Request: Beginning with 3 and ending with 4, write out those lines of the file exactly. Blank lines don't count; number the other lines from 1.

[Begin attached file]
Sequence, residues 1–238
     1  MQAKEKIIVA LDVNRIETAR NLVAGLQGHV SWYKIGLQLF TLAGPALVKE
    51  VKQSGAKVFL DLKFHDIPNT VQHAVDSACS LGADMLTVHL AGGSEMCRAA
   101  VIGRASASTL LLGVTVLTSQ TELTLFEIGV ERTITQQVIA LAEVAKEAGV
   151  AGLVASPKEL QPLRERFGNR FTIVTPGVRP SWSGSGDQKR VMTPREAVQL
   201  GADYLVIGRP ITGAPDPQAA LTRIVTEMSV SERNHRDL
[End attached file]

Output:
    51  VKQSGAKVFL DLKFHDIPNT VQHAVDSACS LGADMLTVHL AGGSEMCRAA
   101  VIGRASASTL LLGVTVLTSQ TELTLFEIGV ERTITQQVIA LAEVAKEAGV